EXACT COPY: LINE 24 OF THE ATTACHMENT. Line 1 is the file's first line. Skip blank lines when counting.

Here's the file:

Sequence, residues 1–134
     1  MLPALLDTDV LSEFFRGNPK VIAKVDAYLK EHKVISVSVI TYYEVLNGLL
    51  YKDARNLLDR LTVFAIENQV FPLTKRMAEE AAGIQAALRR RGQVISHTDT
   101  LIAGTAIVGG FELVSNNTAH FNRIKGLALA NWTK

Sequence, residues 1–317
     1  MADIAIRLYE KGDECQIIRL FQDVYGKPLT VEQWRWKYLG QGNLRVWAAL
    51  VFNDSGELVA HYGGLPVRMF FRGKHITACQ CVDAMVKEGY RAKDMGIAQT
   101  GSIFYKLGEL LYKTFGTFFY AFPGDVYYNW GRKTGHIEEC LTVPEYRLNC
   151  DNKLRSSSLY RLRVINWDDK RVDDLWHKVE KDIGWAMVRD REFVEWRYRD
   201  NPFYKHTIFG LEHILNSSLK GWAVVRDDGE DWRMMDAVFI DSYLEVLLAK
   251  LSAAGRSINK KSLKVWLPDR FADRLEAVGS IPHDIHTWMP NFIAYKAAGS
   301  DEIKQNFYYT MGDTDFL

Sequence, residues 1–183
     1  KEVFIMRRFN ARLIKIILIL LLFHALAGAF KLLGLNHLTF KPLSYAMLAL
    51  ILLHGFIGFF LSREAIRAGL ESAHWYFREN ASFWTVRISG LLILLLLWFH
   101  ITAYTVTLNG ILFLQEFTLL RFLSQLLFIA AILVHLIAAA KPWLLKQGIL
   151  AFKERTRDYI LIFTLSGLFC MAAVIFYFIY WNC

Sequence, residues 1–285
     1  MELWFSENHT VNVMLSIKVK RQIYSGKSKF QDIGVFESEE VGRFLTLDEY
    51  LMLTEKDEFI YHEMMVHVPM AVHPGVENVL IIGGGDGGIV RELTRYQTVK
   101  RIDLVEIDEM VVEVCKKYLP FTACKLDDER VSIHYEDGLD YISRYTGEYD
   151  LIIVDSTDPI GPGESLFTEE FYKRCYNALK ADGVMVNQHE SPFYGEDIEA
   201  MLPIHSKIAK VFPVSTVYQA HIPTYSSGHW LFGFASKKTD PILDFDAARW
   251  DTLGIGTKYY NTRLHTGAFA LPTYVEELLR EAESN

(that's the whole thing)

   251  DTLGIGTKYY NTRLHTGAFA LPTYVEELLR EAESN